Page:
Palace of Care – You Son of an Itch

Photo by Fredrika Carlsson on Unsplash

My patient had been itchy for months. This symptom preceded their cancer diagnosis. Widespread cancer to multiple organs and bones. Normal kidney function, slightly deranged liver function tests. Troubled by pain and nausea but these had been brought under control with medications in a syringe driver. It was the itch which caused the most suffering. Constant irritation of the skin, led to multiple skin wounds. The patient’s finger nails had dried up blood accumulated under each nail. Sleep had been broken by itch. Being in bed under sheets and blankets led to heating up and worsened itch.

On examination the patient’s skin was covered in scratch marks with many healing scabs all over the body. No limb was spared, back and front were no different. Nose was scratched, as was forehead, as was chin. Watching the patient scratching made everyone in the room feel itchy as well. What could we do? In hospital they had already tried many treatments with no success. The patient was exhausted but couldn’t relax to sleep because of the itch.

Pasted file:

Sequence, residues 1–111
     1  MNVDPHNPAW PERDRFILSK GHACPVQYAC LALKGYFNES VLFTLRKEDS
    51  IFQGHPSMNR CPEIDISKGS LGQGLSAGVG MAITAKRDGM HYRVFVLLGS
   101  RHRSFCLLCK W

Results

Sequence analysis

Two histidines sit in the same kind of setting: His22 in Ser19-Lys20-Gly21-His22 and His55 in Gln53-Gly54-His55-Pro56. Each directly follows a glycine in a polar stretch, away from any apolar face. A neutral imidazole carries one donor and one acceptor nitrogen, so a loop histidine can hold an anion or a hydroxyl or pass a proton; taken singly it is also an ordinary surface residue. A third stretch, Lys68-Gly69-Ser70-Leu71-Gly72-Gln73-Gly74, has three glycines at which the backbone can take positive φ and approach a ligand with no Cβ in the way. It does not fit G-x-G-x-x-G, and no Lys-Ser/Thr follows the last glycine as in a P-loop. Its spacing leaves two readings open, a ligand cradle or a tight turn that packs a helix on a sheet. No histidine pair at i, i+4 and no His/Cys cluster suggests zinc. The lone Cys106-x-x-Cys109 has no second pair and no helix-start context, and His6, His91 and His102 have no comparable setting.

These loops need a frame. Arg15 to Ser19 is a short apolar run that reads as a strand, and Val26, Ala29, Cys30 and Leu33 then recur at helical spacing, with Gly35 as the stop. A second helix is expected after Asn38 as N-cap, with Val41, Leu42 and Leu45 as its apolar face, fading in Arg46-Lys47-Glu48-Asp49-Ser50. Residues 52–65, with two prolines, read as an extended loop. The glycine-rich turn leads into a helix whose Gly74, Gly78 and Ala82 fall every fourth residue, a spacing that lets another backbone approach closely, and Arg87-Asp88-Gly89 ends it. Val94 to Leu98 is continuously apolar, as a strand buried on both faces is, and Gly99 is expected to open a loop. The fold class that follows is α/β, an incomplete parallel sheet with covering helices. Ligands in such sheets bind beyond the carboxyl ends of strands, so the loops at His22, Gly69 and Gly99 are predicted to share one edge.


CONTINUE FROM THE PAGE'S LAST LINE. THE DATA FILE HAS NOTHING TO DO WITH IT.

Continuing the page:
I ended up throwing the medication book at them Moisturising anti-itch creams with added Menthol were ordered in. I wanted to cover any nerve-related component of itch with increased nerve pain relief medication, Pregabalin. They were already on H1-Histamine blockers. Covering the other H2- Histamine receptor might be helpful. The patient and their family were keen to try anything on offer. Mirtazapine was started to help with the itch and hopefully a better nights sleep as a side-effect.

The next morning my patient was reported to have slept well. The itch was much improved for the first time in months. Which medication had helped? I wasn’t sure but I didn’t want to change anything as something had worked.

A small victory in hospice/palliative care? I’ll take whatever I can get.